Inspired by a true story of abandonment, Nobody Knows gently reveals the intimate world of four children hidden away in a Tokyo apartment over the course of a year. Another masterful film from director Hirokazu Kore-eda, (Shoplifters, also in this year’s festival). (PSIFF 2005) Free community screening sponsored by Desert Care Network.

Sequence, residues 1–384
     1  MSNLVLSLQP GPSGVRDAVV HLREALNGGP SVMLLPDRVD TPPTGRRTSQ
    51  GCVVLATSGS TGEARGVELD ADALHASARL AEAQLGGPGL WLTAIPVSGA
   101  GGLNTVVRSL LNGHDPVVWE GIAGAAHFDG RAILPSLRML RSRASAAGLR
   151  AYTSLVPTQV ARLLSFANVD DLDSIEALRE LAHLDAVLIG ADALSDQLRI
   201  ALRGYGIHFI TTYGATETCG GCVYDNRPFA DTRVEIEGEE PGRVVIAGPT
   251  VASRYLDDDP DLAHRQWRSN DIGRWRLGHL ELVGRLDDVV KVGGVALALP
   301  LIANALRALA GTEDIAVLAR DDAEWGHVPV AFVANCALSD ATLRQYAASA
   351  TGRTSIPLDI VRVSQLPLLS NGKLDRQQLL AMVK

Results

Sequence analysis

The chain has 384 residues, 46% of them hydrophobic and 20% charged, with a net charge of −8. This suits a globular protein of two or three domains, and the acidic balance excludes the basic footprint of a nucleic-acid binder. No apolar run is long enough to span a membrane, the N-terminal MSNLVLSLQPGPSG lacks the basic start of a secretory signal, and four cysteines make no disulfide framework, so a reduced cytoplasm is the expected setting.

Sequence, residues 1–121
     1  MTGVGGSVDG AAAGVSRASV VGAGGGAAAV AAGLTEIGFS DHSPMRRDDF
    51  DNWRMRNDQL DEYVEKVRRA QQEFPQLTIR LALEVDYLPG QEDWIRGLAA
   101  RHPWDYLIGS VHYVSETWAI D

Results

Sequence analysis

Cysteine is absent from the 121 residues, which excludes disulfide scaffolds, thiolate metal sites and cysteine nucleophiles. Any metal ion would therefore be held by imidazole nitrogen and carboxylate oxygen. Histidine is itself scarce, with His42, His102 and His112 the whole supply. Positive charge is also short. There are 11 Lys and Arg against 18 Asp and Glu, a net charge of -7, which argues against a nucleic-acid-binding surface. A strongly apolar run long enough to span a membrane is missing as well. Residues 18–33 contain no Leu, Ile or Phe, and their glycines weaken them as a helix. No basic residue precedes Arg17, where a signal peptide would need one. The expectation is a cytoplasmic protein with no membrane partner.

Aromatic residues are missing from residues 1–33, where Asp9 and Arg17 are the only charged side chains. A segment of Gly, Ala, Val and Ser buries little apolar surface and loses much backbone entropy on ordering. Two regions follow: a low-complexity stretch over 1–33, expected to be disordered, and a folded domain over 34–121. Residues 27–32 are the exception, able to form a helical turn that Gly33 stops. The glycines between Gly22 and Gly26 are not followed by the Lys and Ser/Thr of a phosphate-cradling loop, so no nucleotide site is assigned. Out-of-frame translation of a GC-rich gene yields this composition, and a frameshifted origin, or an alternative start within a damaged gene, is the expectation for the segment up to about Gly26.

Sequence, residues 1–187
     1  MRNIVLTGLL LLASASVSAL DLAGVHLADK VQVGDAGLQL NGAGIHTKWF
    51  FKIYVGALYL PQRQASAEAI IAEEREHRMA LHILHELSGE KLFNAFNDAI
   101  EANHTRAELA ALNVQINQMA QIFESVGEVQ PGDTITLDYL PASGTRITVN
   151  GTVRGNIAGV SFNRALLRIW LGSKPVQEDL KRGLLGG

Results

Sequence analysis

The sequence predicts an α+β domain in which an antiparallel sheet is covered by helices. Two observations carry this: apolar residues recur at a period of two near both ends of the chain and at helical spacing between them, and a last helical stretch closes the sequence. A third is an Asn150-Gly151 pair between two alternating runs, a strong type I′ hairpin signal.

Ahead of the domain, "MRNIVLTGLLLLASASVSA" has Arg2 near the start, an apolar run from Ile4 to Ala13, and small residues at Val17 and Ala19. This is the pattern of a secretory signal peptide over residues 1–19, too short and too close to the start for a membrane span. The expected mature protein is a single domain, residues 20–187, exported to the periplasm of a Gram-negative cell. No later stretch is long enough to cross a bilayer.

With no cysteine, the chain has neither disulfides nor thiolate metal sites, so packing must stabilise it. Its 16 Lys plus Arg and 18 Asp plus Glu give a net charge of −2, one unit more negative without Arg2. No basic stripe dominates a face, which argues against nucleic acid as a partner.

Inspired by a true story, Nobody Knows gently reveals the intimate world of four children over the course of a year. Shortly after sneaking her children into a new apartment in Tokyo, Keiko leaves an envelope of money and a note telling her 12-year-old son Akira to take care of his younger brother and sisters. They want to go to school, play in the park and make noise, but mom has left clear rules that they are not to leave the apartment. She does drop by from time to time, but less and less often, as she focuses on finding her own meal ticket out of her life of struggle — tricky with four hungry children stashed away. Akira soon realizes she might never come back. When the heat and water are turned off in the apartment, he takes on the role as head of the household, and they begin to venture into the outside world. By subtly sketching out life’s complexities without judgment, director Hirokazu Kore-eda reveals the precious unassuming spirits of the children. As in his other masterful films, After Life and Maborosi, the accumulation of small external details build toward a feeling of transcendence. — PSIFF 2005